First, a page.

Tell all the Truth but tell it slant —
Success in Circuit lies
Too bright for our infirm Delight
The Truth’s superb surprise
As Lightning to the Children eased
With Explanation kind
The Truth must dazzle gradually
Or every man be blind.
— Emily Dickinson, quoted in Peterson
I was fortunate. I read Eugene Peterson’s Tell It Slant—a book concerned with “out-of-the-way, unstudied, and everyday conversations” (3)—in the company of friends who relish out-of-the-way, unstudied, everyday conversations. From these friends I have gained a very valuable lesson in run-of-the-mill holiness, that is, the sanctity of that which seems commonplace, even irrelevant, in our day-to-day lives: a phone call, small talk with a stranger, kitchen conversations. Friends such as these live out Peterson’s argument that language does not cease to be set apart the moment we step away from the preacher’s pulpit, or the teacher’s soapbox, or the small group discussion. What we say matters, “[e]very time we open our mouths, whether in conversation with one another or in prayer to our Lord” (3). Peterson writes: “[H]igh on the agenda of the Christian community in every generation is that we diligently develop a voice that speaks in consonance with the God who speaks, that we speak in such a way that truth is told and community is formed” (3, emphasis added).
This business of speaking “in consonance with the God who speaks” begins with the schooling not of our lips but of our ears, as we sit and pay attention to the language of the Living Word. Peterson sets out to do exactly this by examining the Travel Narrative of Jesus in the book of Luke. As Jesus (and Peterson) moves slowly through Samaria and the in-betweens on his way to Jerusalem, we hear Jesus speak—not only in his preaching and teaching, essential as these forms are, but also in spontaneous conversation on the road, at the dinner table, outside the temple. The kind of language I hear reminds me that God (inter)acts here on earth, in between Sundays, through ordinary, personal conversation with my neighbour and friend. In the paragraphs that follow, I intend to draw out these two characteristics of Jesus’ conversational language (ordinary, personal). God comes into the everyday, indeed, into my everyday, to speak truth and form community with me. Likewise, even as God’s people pray, “Thy kingdom come,” we too must enter the realities of those around us, pursuing the truth and nourishing the community without which our faith is barren.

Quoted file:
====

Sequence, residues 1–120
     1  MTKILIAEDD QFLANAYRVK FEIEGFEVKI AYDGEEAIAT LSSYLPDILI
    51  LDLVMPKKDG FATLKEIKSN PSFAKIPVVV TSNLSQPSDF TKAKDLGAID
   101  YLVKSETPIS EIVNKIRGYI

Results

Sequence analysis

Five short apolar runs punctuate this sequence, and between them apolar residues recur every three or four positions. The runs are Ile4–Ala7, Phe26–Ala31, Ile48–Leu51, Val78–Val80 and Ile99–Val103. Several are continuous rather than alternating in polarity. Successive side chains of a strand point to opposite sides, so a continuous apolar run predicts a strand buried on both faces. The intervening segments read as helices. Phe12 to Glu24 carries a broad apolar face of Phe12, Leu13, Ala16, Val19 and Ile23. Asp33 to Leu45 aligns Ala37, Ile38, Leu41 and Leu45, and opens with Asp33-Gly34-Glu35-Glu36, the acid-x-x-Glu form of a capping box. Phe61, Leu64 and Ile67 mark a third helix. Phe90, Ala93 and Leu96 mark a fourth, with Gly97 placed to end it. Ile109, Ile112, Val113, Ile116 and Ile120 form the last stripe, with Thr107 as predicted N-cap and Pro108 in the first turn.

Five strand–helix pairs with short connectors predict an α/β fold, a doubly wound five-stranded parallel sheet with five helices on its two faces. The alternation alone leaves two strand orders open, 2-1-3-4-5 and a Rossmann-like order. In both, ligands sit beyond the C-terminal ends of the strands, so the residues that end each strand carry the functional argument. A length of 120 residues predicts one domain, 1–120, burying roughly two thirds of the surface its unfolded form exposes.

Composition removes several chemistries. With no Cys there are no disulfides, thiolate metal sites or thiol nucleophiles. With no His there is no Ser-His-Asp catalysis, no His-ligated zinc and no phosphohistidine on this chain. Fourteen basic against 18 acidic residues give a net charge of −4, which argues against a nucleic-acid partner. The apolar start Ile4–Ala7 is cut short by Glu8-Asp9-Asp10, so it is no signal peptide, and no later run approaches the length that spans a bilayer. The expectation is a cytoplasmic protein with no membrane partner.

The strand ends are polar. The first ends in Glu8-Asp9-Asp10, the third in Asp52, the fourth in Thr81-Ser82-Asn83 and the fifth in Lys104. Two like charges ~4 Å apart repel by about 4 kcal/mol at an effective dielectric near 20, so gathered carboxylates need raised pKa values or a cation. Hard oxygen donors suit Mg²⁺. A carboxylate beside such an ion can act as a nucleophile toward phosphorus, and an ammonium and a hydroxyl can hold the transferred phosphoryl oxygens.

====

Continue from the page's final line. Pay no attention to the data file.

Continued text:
In using the word ordinary, I may lead readers to falsely assume that nothing extraordinary is going on in the conversational language of Jesus. In fact, Jesus’s language is extraordinary in its very simplicity. When someone asks him about prayer, he talks about impudent friends. On the subject of greed, he brings up barn-building. Jesus tells stories about fig trees, shepherds, rebellious children. Each story revolves around an image that Jesus’ audience would have recognized and understood. During my college days in Montreal, I spent a great deal of time engaging the student body with questions about faith and worldview. I discovered that a common source of contention in our discussions had to do with the idea of sin. When asked what I meant by that word, I might say something like, “Rebellion against a holy God.” But what is the nature of this rebellion? And what do I mean by holy? These questions force me not only to test my own understanding of words I hear in church each Sunday, but also to practice clear, simple communication. Jesus is our teacher in this school. When some Pharisees and teachers of the law begin to mutter, “This man welcomes sinners and eats with them,” Jesus responds with the famous parable of a reckless, runaway child—a lost child, and a longing father, and a party at the end of the day. What can we learn from this story about a “sinner”? Jesus’ parable slows his listeners down, demands attention, cuts through dense doctrinal terms with a vibrant story that we can live through and better understand.